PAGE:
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Subject: RE: Lyr Add: Ballinderry
From: Sandy Paton
Date: 20 Sep 99 - 12:57 PM

The version Mary O'Hara offers is the lovely one sung by Robert Cinnamond. I'll check which recording it's on, and post the info later.

Sandy


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Subject: Lyr Add: Ballinderry
From: GUEST,Philippa
Date: 14 Apr 03 - 08:48 AM

Well, I learned the song from Tommy Maken's singing and I always sang "diamond" not "demon".
There's a fiddle and banjo player in these parts named Dermy Diamond, a gem (and that's how his surname is pronounced)

The usual verses are given in Bunting. "It is pretty to be in Ballinderry ...under an Ivy tree...
Oh! that I was in little Ram's Island ...with Phelimy Dialmond...we would make the whole Island ring." Edward Bunting published his work in 1840, but I am looking at D. O'Sullivan & M. Ó Súilleabháin's edition of "Bunting's Ancient Music of Ireland", Cork University Press, 1983; which is based on Bunting's original manuscripts.

"Both air and words were collected from Dr Crawford of Lisburn, in 1808. Another version of the words, from Mrs. Houston, was p[rinted in the Jpurnal of the Irish Folk song Society, vol. V (1907), p.37. It runs as follows:

O, it's purty to be in the bonny Church Island,
Nobody there but Phelim my diamond;
Phelim would whistle and I would sing, Until we would make Church Island to ring.

Phelimy, Phelimy, why did you leave me?
Sure I could bake, I could sew, I could spin.
Phelimy, Phelimy, why did you leave me?
I'll tell the priest on you Phelimy, Phil.

O. lonely I wander on bonny Church Island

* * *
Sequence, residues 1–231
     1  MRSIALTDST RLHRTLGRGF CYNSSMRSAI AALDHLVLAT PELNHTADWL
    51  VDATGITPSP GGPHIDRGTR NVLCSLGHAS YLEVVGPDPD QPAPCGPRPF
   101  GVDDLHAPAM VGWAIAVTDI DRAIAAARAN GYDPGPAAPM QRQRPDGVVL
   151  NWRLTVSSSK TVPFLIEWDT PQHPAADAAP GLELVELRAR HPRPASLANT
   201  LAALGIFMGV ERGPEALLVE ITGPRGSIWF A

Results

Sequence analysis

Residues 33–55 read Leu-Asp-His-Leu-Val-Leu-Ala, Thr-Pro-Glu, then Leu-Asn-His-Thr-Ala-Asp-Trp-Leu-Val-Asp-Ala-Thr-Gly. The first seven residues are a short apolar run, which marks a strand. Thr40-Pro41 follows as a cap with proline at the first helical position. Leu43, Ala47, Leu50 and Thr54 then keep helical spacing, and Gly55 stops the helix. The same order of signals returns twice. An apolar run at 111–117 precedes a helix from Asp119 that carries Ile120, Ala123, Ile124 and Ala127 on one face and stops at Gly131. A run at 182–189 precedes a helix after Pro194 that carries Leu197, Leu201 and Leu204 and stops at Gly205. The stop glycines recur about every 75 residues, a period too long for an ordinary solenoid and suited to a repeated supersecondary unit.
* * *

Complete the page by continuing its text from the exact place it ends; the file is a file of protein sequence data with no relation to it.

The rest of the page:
Far, far away from Phelimy diamond
The birds may whistle a merry tune,
But sorrowful May brought woeful June.

Och, cold in the ground my Phelim's lying,
Over his grave I am sobbing, I'm sighing
To leave him his love would be a sin,
So take off the sod and lay me in."


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Subject: RE: Lyr Add: Ballinderry
From: Mr Happy
Date: 07 Jul 04 - 08:18 PM

My good fiend Belfast Jim signs this.

He does the chorus as 'Arkun,arkun,Arkun,arkun'.

Does anyone know what 'Arkun' or 'Ochone' means?


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Subject: RE: Lyr Add: Ballinderry
From: Malcolm Douglas
Date: 07 Jul 04 - 08:58 PM

"ochone" = "alas", near enough.


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Subject: RE: Lyr Add: Ballinderry
From: Julia
Date: 07 Jul 04 - 09:16 PM

Bunting says this Ancient Music of Ireland (1840);
(Ballinderry) has been a favorite performance from time immemorial with the peasantry of the counties of Down and Antrim, the words being sung by one person while the rest of the party chant the cronan (chorus) in consonance.....There are numerous other sets of words sung to Ballinderry; they are all of a very rustic character and uniformly refer to localities along the rivers Bann and Lagan such as

'T is pretty to be in Ballinderry,
'T is pretty to be in Magheralin etc

'T is pretty to be in Ballinderry,
'T is pretty to be at the Cash of Toome etc